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Open Medicine

formerly Central European Journal of Medicine

Editor-in-Chief: Darzynkiewicz, Zbigniew


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Volume 14, Issue 1

Issues

Volume 10 (2015)

Prediction of recurrence-associated death from localized prostate cancer with a charlson comorbidity index–reinforced machine learning model

Yi-Ting Lin
  • Department of Urology, St. Joseph Hospital, Yunlin County, 63241, Taiwan
  • Graduate Institute of Business Administration, College of Management, Fu Jen Catholic University, New Taipei City 24205, Taiwan
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/ Michael Tian-Shyug Lee
  • Graduate Institute of Business Administration, College of Management, Fu Jen Catholic University, New Taipei City 24205, Taiwan
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/ Yen-Chun Huang
  • Graduate Institute of Business Administration, College of Management, Fu Jen Catholic University, New Taipei City 24205, Taiwan
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/ Chih-Kuang Liu
  • Department of Urology, St. Joseph Hospital, Yunlin County, 63241, Taiwan
  • Graduate Institute of Business Administration, College of Management, Fu Jen Catholic University, New Taipei City 24205, Taiwan
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/ Yi-Tien Li
  • Graduate Institute of Business Administration, College of Management, Fu Jen Catholic University, New Taipei City 24205, Taiwan
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/ Mingchih Chen
  • Corresponding author
  • Graduate Institute of Business Administration, College of Management, Fu Jen Catholic University, New Taipei City 24205, Taiwan
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Published Online: 2019-08-14 | DOI: https://doi.org/10.1515/med-2019-0067

Abstract

Research has failed to resolve the dilemma experienced by localized prostate cancer patients who must choose between radical prostatectomy (RP) and external beam radiotherapy (RT). Because the Charlson Comorbidity Index (CCI) is a measurable factor that affects survival events, this research seeks to validate the potential of the CCI to improve the accuracy of various prediction models. Thus, we employed the Cox proportional hazard model and machine learning methods, including random forest (RF) and support vector machine (SVM), to model the data of medical records in the National Health Insurance Research Database (NHIRD). In total, 8581 individuals were enrolled, of whom 4879 had received RP and 3702 had received RT. Patients in the RT group were older and exhibited higher CCI scores and higher incidences of some CCI items. Moderate-to-severe liver disease, dementia, congestive heart failure, chronic pulmonary disease, and cerebrovascular disease all increase the risk of overall death in the Cox hazard model. The CCI-reinforced SVM and RF models are 85.18% and 81.76% accurate, respectively, whereas the SVM and RF models without the use of the CCI are relatively less accurate, at 75.81% and 74.83%, respectively. Therefore, CCI and some of its items are useful predictors of overall and prostate-cancer-specific survival and could constitute valuable features for machine-learning modeling.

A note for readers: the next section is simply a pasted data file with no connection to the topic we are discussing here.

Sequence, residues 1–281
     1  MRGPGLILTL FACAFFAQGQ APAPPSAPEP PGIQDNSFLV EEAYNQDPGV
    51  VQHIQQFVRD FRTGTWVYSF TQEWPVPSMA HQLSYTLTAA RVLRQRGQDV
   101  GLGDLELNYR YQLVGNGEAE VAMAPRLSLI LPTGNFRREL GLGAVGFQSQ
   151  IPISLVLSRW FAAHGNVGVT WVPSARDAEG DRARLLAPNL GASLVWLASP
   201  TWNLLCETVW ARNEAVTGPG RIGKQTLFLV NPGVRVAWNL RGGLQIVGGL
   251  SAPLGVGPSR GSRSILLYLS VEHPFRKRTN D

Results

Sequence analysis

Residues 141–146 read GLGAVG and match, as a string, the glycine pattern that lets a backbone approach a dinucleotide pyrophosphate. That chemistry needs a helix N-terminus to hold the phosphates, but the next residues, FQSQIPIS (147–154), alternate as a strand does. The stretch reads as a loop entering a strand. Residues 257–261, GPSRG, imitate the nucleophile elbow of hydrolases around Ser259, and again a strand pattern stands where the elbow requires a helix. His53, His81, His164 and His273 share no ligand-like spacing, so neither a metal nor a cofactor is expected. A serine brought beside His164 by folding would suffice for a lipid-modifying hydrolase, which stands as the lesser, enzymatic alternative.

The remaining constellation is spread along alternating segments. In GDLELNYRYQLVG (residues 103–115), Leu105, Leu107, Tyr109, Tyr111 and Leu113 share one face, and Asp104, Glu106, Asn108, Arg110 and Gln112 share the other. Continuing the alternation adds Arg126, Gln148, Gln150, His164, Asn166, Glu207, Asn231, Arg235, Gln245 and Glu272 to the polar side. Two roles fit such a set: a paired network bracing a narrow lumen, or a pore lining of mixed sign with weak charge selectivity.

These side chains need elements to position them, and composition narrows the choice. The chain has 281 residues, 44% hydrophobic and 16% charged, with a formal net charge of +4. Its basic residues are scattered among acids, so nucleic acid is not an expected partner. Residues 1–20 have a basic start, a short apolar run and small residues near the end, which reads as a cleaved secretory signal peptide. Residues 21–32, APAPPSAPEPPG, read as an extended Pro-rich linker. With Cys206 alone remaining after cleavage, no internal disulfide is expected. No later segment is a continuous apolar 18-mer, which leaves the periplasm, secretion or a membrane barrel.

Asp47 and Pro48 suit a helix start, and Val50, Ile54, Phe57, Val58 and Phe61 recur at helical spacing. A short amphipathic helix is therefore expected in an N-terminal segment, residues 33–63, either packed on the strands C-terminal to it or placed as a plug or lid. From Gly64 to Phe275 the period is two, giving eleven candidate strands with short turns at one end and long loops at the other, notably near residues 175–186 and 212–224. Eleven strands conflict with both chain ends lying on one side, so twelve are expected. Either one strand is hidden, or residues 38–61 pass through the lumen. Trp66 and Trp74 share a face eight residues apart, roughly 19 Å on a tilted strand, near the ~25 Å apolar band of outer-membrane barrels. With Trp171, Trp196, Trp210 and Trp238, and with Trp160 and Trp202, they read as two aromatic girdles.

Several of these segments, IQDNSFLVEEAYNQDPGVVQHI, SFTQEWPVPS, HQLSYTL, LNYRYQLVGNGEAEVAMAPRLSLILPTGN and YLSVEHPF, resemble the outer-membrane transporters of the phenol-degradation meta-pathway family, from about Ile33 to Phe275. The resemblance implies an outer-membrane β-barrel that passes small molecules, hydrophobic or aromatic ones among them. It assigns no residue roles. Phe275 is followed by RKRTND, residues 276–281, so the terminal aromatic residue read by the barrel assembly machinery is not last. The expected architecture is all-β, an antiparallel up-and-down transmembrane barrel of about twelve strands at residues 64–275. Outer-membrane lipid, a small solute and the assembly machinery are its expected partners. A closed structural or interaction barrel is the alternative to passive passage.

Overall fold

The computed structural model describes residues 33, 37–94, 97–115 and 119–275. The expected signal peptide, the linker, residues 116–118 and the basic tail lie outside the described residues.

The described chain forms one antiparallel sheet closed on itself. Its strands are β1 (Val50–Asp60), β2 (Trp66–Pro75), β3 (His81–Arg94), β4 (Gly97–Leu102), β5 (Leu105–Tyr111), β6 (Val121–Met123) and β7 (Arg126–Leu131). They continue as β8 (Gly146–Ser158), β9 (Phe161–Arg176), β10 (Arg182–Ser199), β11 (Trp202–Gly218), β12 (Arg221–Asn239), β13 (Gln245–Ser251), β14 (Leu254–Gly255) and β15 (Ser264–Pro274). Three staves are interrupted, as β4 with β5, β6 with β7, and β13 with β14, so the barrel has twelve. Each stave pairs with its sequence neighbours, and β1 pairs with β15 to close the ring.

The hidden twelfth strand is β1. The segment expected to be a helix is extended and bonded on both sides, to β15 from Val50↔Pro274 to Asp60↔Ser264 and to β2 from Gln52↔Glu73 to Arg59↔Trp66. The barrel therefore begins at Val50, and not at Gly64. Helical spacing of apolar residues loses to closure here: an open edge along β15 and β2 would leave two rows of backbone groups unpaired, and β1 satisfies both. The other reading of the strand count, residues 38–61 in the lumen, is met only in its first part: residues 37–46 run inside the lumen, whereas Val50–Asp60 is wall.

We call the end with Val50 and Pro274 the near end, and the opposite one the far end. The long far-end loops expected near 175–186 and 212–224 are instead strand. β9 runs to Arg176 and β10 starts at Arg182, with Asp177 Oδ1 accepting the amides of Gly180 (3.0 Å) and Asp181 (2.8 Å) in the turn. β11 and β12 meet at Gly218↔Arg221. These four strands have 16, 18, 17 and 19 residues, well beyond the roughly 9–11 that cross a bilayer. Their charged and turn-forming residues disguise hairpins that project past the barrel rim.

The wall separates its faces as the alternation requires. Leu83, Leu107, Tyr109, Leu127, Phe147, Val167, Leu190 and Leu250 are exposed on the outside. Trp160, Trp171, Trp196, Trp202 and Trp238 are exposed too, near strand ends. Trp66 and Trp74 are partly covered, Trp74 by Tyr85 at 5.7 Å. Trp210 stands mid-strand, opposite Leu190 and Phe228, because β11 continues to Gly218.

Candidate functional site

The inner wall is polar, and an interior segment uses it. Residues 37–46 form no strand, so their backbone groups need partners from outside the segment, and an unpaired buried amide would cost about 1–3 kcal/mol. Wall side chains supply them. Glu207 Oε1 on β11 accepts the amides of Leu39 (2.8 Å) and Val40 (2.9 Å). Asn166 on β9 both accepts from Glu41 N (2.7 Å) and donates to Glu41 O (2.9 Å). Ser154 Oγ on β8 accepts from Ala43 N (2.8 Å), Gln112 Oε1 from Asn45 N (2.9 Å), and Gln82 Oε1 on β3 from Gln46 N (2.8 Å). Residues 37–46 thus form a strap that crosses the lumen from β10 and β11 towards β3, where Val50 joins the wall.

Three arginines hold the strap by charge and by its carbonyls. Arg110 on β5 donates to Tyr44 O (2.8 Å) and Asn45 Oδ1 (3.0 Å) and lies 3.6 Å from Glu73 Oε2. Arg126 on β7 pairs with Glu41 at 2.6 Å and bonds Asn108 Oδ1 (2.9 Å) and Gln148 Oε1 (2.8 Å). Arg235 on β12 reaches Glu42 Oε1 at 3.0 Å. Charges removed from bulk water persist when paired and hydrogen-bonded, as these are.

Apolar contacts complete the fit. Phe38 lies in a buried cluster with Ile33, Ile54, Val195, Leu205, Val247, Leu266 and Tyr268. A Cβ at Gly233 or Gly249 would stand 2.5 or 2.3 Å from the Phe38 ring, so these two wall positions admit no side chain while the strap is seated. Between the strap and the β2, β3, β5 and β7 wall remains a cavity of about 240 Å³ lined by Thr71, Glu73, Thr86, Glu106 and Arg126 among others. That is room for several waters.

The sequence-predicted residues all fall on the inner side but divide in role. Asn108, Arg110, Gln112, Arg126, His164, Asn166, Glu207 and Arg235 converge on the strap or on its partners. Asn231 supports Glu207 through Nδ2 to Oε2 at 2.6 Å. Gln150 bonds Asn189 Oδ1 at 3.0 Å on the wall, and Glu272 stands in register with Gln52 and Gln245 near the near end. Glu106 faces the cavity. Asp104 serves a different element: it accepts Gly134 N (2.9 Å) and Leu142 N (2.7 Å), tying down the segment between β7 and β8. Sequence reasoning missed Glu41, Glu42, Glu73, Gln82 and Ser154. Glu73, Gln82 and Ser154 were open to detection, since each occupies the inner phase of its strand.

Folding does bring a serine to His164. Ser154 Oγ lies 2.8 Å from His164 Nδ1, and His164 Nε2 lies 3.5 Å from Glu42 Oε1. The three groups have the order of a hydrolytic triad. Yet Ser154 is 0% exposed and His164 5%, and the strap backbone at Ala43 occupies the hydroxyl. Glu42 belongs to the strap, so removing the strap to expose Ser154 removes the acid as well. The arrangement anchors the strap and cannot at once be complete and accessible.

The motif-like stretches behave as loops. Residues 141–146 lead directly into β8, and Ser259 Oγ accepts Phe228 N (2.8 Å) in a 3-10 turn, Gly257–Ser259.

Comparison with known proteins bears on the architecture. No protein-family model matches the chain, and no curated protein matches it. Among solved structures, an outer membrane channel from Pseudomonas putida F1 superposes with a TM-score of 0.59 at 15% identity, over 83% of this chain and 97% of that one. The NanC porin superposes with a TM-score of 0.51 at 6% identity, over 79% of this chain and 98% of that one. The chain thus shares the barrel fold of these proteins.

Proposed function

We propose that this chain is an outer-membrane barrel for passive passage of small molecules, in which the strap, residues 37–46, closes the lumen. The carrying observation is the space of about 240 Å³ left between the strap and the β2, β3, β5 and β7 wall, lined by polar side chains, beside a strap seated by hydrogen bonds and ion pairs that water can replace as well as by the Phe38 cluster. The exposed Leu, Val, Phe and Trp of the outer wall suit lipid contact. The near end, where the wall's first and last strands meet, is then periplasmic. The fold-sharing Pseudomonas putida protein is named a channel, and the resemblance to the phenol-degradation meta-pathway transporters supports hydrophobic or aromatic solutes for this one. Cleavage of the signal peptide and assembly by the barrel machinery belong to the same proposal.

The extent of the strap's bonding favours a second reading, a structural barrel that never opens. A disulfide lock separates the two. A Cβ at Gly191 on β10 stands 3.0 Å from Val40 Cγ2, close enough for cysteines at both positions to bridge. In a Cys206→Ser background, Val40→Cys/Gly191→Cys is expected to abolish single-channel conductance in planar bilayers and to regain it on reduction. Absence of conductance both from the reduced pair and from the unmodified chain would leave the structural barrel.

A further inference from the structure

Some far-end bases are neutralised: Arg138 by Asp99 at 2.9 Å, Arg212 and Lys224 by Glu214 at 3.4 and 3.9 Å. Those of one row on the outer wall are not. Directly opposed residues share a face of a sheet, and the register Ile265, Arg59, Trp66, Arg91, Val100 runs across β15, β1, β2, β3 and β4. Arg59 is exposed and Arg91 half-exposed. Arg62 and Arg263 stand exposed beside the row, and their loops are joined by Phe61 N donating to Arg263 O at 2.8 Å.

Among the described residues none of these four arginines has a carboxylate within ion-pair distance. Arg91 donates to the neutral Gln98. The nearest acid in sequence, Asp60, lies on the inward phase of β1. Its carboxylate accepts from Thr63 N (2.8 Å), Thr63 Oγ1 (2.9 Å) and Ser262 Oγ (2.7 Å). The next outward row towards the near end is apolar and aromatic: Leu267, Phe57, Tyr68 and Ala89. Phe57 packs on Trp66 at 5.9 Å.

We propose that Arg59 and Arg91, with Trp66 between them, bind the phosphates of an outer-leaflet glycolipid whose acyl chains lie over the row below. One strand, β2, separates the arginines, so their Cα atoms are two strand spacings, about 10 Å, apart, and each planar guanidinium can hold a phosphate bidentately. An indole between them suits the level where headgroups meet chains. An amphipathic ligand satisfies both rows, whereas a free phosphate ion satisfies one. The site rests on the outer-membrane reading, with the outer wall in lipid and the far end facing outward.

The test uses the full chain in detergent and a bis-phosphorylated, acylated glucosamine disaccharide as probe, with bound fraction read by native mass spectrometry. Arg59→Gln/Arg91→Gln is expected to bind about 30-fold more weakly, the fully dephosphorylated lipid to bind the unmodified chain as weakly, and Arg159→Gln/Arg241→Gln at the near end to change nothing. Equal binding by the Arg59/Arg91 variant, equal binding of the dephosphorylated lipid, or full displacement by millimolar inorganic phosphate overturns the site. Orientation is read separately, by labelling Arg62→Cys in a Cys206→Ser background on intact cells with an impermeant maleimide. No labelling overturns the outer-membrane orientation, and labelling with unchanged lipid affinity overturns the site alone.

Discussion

1 Introduction

Localized prostate cancer is one of the most common male cancers and has led to unavoidable cancer death and impairment of quality of life [1, 2]. Current evidence has already demonstrated that great controversy exists regarding the treatment options for localized prostate cancer. Radical prostatectomy (RP) is associated with the lowest cancer-specific mortality in observational studies [3, 4], but selection bias exists. The selection bias means that patients with low comorbidity tend to undergo RP, whereas patients with high comorbidity are recommended to receive external beam radiotherapy (RT) [3, 4]. Randomized trials have demonstrated no significant differences between patients undergoing RP and patients undergoing RT in overall and cancer-specific survival. In addition, no differences are exhibited in long-term quality of life (QoL) for patients undergoing RP versus those undergoing RT [4]. Currently, the shared decision-making process has been made part of standard practice in medical decision management for localized prostate cancer. However, patients who must choose their treatments encounter a dilemma when they have information regarding only the reported statistical cancer outcomes and posttreatment QoL but are unable to take personal characteristics into consideration [3, 4]. Integrating cancer characteristics, comorbidity, and cancerous outcomes into a machine-learning model, and obtaining a predictive result might represent a solution to the dilemma.